1. Kurds are not a majority in the Area PYD/YPG are attempting to annex The region of Al Hasakah, which the Kurdish Nationalist Party (PYD) and its military wing YPG have declared a federal Kurdish state, does not have a Kurdish majority. Al Hasakah Governorate is a mosaic of Assyrian Christians, Armenians, Turkmen, Kurds and Bedouin Arabs. Of the 1.5 million population of Al Hasakah, only 40% are ethnically Kurdish. Moreover, parts of Al Hasakah Governorate, such as Al Hasakah district, is less than 15% Kurdish (!). In the other large minorities in the area the Arabs and Assyrian Christians form a majority. Declaring a small area with a wide array of ethnic groups as belonging to a specific ethnic minority is a recipe for oppression. The Kurdish population of Al Hasakah has also been heavily inflitrated by illegal Kurdish immigration from Turkey. Kurdish immigration to Syria began in the 1920’s and occurred in several waves after multiple failed Kurdish uprisings against Turkey. It continued throughout the century. In 2011 the Kurdish population in Syria reached between 1.6 to 2.3 million, but 420,000 of these left Syria for Iraq and Turkey as a result of the current conflict. Some Syrian Kurds have lived in Homs and Damascus for hundreds of years and are heavily assimilated into the Syrian society. However, Kurdish illegal immigrants who mostly reside in north Syria, and who could not prove their residence in Syria before 1945, complain of oppression when they were not granted the rights of Syrian citizens. Syrian law dictates that only a blood born Syrian whose paternal lineage is Syrian has a right to Syrian citizenship. No refugee whether Somali, Iraqi or Palestinian has been granted Syrian citizenship no matter how long their stay. In spite of this, in 2011 the Syrian President granted Syrian citizenship to 150,000 Kurds. This has not stopped the YPG from using illegal Kurdish immigrants who were not granted citizenship as a rationale for annexing Syrian land. Those who promote Federalism are imposing the will of a small minority – that is not of Syrian origin – on the whole of Al Hasakah’s population and the whole of Syria. 2. It is Undemocratic to Impose Federalism on the Majority of Syrians PYD did not bother to consult with other factions of Syrian society before its unilateral declaration of Federalism. The other ethnicities that reside in Al Hasake governate, which PYD claims is now an autonomous Kurdish state, have clearly rejected federalism. An assembly of Syrian clans and Arab tribes in Al Hasaka and the Assyrian Democratic Organization (ADO) rejected PYD’s federalism declaration. In Geneva, both the Syrian government and the opposition rejected PYD’s federalism declaration. Furthermore, PYD does not represent all of Syria’s Kurdish population. The Kurdish faction of Syrian national coalition condemned PYD’s federalism declaration. Most of Syria’s Kurds do not live in Al Hasakah and many that do work outside it. Thousands of Kurds have joined ISIS and are fighting for an Islamic State not a Kurdish one. Unilateral declaration of federalism carries no legitimacy since federalism can only exist with a constitutional change and a Referendum. Federalism is unlikely to garner much support from the bulk of Syria’s population, 90-93% of whom is not Kurdish. Knowing this, PYD have banned residents of Al Hasakah from voting in the upcoming Parliamentary elections to be held across the nation. This shows the will of the people in Al Hasakah is already being crushed by PYD. It is undemocratic to continue to discuss federalism as a possibility when it has been rejected by so many segments of Syrian society. Ironically we are told the purpose of the US’ Regime change adventure in Syria is to bring democracy to the middle east. 3. Federalism May Risk Ethnic cleansing of Assyrian Christian and other minorities Since the Kurdish population are not a majority in the areas PYD are trying to annex, the past few years have revealed that PYD/YPG are not beyond carrying out ethnic cleansing of non-Kurdish minorities in an attempt to achieve a demographic shift. The main threat to Kurdish ethnocentric territorial claims over the area are the other large minorities, the Arabs and the Assyrian Christians. Salih Muslim, the leader of PYD, openly declared his intention to conduct an ethnic cleansing campaign against Syrian Arabs who live in what he now calls Rojava. “One day those Arabs who have been brought to the Kurdish areas will have to be expelled,” said Muslim in an interview with Serek TV. Over two years since that interview he has fulfilled his word, as YPG begun burning Arab villages around Al Hasakah Province hoping to create a demographic shift. It is estimated that ten thousands Arab villagers have been ethnically cleansed from Al Hasake province so far. The villages around Tal Abayad have suffered the most as Kurdish expansionists seek to connect the discontiguous population centres of Al Hasakah and Al Raqqa. “The YPG burnt our village and looted our houses,” said Mohammed Salih al-Katee, who left Tel Thiab Sharki, near the city of Ras al-Ayn, in December. YPG have also begun a campaign of intimidation, murder and property confiscation against the Assyrian Christian minority. The YPG and PYD made it a formal policy to loot and confiscate the property of those who had escaped their villages after an ISIS attack, in the hope of repopulating Assyrian villages with Kurds. The Assyrians residents of the Khabur area in Al Hasaka province formed a militia called the Khabour Guard in the hope of defending their villages against ISIS attacks. The Khabur Guard council leaders protested the practice of looting by Kurdish YPG militia members who looted Assyrian villages that were evacuated after ISIS attacked them. Subsequently, the YPG assassinated the leader of the Khabur Guard David Jindo and attempted to Assassinate Elyas Nasser. At first the YPG blamed the assassination on ISIS but Elyas Nasser, who survived, was able to expose the YPG’s involvement from his hospital bed. Since the assassination YPG has forced the Khabour Guard to disarm and to accept YPG ‘protection.’ Subsequently most Assyrian residents of the Khabour who had fled to Syrian Army controlled areas of Qamishli City could not return to their villages. The Assyrian Christian community in Qamishli has also been harassed by YPG Kurdish militia. YPG attacked an Assyrian checkpoint killing one fighter of the Assyrian militia Sootoro and wounding three others. The checkpoint was set up after three Assyrian restaurants were bombed on December 20, 2016 in an attack that killed 14 Assyrian civilians. Assyrians suspected that YPG was behind these bombings in an attempt to assassinate Assyrian leaders and prevent any future claims of control over Qamishli. It would be foolish to ignore the signs that more widely spread ethnic cleansing campaigns may occur if Kurdish expansionists are supported, especially since other ethnic groups are not on board with their federalism plans. It has only been 90 years since the Assyrian genocide which was conducted by Turks and Kurds. This history should not be allowed to be repeated. Assyrians have enjoyed safety and stability in the Syrian state since this time. Forcing the Assyrians to accept federalism is not going to ensure their safety. Establishment of a federal Kurdish state in Iraq has not protected Assyrian villages from attacks by Kurdish armed groups either. The campaign of ethnic cleansing against both Assyrians and Arabs in Al Hasakah has already begun and may now only escalate. 4. The Resources in Al Hasake are shared between all Syrians While Kurds make up only 7-10% of Syria’s total population, PYD demands 20% of Syria’s land. What’s more, the region of Al hasakah that YPG want to annex has a population of only 1.5 million people. Much of Syria’s agriculture and oil wealth is located in Al Hasakah and is shared by Syria’s 23 million people. Al Hasakah province produces 34% of Syria’s wheat and much of Syria’s oil. The oil pumping stations are now being used by ISIS and YPG’s Kurds to fund their war efforts while depriving the Syrian people. While headlines abound about Syria’s starving population, there is little talk of how federalising Syria could entrench this starvation into law for generations to come. Instead, promoters of Federalism talk about how giving the resources shared by 23 million people to 1.5 million people will lead to peace. 5. A Kurdish Region in Syria will be a Threat to Global Security Since the majority of Syria’s population and Syria’s government oppose Kurdish annexation claims, PYD will not be able to achieve federalism through legal means. The only way the PYD and YPG can achieve federalism is through brute force. This brute force may backed by the US air force and an invasion by special forces which contradicts international law. Head of PYD Saleh Islam has already threatened to attack Syrian troops if they attempt to retake Raqqa from ISIS. A Kurdish state in Syria as the Iraqi Kurdistan ensures US hegemony in the region. Like the KRG the YPG are already attempting to build a US base on Syrian soil. Russia, which has been an ally of Syria for a long time, will be further isolated as a result. This will once again tip the balance of power in the world. All of Syria’s neighbouring countries are also opposed to an ethnocentric Kurdish state in Syria. The YPG is linked to the PKK, which is active in Turkey and which the United Nations has designated a terrorist organisation. Turkey will see YPG’s federalism claims as strengthening the PKK. Turkey may invade Syria as a result, guaranteeing at least a regional war. This regional war could involve Iran, Syria, Hezbollah and Israel. Israel wants to establish a Kurdistan, as a Sunni-Iranian rival to Shi’ite Iran. They hope such a Sunni state will block Iran’s access to Syria and will also prevent Lebanese resistance against Israeli invasion. This was all outlined in Israel’s Yinon Plan published in 1982. Israel is an extension of US influence and hegemony in the region, the Israeli lobby holds much sway over US politics. Strengthening Israel in the region will strengthen US influence over the region, once again shrinking Russian influence and pushing the nuclear power into a corner. Journalists who show a sense of confusion about the reason the West is supportive of Kurdish expansionism should consider this point. Finally, a designated ‘Kurdish area’ in Syria is deeply rooted in ethnocentric chauvinism. A US state strictly designated for Hispanic, White or Black ethnicity would be outrageous to suggest and would be considered racist. But the use of ethnicity as a means to divide and conquer is the oldest and most cynical form of imperialism. Syria must remain for all Syrians, not just for one minority. Voices who oppose this should be discouraged. The Syrian Constitution should continue to resist all ethnocentric religious-based parties. If there is a change to the Syrian constitution, it should be the removal of the word Arab from Syrian Arab Republic. In spite of the fact that the vast majority Syrians speak the Arabic language, the majority of Syrian are historically not ethnically Arab. All sections of Syrian society should be treated equally under the Syrian flag.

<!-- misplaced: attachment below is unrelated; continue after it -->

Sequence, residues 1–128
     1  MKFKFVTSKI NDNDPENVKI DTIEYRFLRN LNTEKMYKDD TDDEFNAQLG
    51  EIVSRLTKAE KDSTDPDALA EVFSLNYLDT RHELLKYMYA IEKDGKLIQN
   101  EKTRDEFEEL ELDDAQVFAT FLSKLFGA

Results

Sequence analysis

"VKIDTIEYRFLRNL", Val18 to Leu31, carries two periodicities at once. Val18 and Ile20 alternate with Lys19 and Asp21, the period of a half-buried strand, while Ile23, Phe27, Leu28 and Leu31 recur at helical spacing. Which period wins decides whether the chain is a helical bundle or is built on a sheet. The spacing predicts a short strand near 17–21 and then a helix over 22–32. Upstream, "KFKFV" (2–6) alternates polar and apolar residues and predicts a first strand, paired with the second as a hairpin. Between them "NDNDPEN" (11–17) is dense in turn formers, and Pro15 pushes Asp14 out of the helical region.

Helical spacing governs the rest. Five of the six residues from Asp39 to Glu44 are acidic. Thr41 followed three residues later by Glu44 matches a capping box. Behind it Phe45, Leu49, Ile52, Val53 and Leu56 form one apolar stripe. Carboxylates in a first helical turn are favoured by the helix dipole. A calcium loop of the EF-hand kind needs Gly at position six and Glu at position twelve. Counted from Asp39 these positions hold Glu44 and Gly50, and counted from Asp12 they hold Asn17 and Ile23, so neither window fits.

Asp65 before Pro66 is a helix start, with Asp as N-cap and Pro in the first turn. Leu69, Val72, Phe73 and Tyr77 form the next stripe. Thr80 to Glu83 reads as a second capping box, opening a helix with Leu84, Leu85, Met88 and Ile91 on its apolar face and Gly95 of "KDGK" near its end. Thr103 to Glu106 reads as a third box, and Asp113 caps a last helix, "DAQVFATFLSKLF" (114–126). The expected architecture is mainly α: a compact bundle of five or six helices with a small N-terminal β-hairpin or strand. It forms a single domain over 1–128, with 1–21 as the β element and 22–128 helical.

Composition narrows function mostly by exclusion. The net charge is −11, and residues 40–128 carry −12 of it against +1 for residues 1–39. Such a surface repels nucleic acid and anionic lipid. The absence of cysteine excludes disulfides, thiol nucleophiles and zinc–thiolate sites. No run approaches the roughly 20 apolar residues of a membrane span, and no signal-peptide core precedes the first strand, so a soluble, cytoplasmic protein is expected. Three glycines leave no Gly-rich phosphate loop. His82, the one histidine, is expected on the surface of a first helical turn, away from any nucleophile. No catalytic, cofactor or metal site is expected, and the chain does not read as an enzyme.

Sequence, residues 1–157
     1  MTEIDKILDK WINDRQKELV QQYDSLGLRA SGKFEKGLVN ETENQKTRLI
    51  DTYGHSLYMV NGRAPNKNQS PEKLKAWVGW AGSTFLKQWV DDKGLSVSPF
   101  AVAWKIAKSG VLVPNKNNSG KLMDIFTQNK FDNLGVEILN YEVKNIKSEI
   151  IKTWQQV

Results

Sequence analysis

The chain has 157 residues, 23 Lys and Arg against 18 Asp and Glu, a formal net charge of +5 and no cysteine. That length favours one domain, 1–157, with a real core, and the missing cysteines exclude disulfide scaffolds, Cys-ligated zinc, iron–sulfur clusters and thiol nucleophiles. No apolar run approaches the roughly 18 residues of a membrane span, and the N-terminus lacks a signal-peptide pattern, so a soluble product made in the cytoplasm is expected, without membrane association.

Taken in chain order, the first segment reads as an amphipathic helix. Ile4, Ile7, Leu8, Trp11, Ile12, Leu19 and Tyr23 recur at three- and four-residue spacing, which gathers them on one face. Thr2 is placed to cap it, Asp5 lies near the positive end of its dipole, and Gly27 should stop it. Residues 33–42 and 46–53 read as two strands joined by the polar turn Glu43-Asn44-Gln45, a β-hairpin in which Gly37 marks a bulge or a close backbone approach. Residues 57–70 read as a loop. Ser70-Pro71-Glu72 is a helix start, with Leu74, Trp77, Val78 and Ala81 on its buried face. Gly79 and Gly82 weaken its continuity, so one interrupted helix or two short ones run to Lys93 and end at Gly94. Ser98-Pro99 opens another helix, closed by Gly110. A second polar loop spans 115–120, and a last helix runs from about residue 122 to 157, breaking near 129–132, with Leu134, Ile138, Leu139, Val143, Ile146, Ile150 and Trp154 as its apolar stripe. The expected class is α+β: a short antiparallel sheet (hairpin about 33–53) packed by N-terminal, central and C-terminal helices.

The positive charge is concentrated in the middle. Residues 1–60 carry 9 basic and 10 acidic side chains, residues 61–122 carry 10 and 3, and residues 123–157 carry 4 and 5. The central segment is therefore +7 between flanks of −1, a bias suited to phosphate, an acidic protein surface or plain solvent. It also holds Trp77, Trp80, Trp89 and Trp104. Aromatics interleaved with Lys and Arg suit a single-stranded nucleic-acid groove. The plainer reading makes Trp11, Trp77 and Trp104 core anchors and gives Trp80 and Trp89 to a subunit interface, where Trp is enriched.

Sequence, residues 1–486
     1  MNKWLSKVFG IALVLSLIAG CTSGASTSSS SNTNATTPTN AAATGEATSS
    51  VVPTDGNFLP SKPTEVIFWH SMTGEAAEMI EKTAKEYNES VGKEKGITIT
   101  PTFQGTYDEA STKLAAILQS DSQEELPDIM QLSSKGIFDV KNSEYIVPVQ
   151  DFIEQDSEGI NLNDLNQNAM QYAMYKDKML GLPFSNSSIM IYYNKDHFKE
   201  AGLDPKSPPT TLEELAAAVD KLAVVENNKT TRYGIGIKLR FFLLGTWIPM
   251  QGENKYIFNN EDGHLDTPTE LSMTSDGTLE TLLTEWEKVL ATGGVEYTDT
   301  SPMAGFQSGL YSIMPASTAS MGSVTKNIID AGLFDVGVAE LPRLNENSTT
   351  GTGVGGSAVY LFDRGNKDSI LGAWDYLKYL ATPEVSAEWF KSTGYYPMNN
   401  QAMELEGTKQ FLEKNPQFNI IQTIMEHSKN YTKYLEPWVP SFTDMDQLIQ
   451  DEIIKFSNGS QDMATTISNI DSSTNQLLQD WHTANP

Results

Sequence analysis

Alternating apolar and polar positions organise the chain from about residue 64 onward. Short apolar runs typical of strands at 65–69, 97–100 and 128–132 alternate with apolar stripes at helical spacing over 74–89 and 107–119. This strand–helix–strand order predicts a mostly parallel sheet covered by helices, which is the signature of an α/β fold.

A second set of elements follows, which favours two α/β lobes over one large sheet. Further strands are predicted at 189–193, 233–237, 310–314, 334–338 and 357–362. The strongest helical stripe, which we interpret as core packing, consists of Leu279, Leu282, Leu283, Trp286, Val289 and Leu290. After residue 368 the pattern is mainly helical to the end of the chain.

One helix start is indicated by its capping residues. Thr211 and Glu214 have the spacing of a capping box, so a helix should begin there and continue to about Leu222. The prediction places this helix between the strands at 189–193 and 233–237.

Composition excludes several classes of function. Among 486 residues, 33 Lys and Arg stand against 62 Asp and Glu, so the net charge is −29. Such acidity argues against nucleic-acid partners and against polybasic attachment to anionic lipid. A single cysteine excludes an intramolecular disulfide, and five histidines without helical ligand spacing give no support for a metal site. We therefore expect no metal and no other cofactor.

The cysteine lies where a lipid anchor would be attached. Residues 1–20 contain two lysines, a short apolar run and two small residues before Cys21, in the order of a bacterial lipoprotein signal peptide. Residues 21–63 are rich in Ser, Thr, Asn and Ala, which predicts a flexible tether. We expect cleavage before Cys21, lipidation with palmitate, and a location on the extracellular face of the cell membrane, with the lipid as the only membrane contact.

While it is difficult and often unwise to make any predictions when it comes to geopolitics and decisions taken by a government and establishment system gone rogue, we can attempt to analyze what we believe the evidence is showing us. In the case of the recent moves made by both the United States and Russia, it appears that the federalization of Syria is taking form before our eyes. While Russia has acted as the savior of the Syrian government since its entrance into the war, Russia does not seem willing to truly engage the United States in direct military combat over Syrian borders. This approach, while undoubtedly bemoaned by many, is understandable and completely reasonable from the point of view of Russia. After all, the first responsibility of a national leader is to the people of his nation, a concept seemingly forgotten by the people of Western Europe and North America.
Still, it seems that the United States is insisting upon at least fractionalizing Syria so that the Syrian government is drastically weakened. A Kurdish state would have both strategic and economic reverberations for Syria as well as for Hezbollah and Iran whose land supply lines would be effectively cut. A Kurdish state would also serve to inhibit an Iranian pipeline.
The wild card, however, is whether Syrians will be able to live with the creation of such a large cutout rump state carved out of their own territory. Only time will tell as to how the situation will develop. Considering the fact that two nuclear powers are on opposing sides in this battle, it is safe to say the outcome concerns us all.
Notes:  Brzezinski, Zbigniew. The Grand Chessboard: American Primacy And Its Geostrategic Imperatives. 1st Edition. Basic Books
Latest posts by Edmondo Burr (see all)
- Police Arrest Suspect In Supermarket Baby Food Poisoning - October 1, 2017
- Seoul Secures Data From Electromagnetic Interference By N Korea - September 30, 2017
- The ‘World’s First Internet War’ Has Begun: Julian Assange - September 30, 2017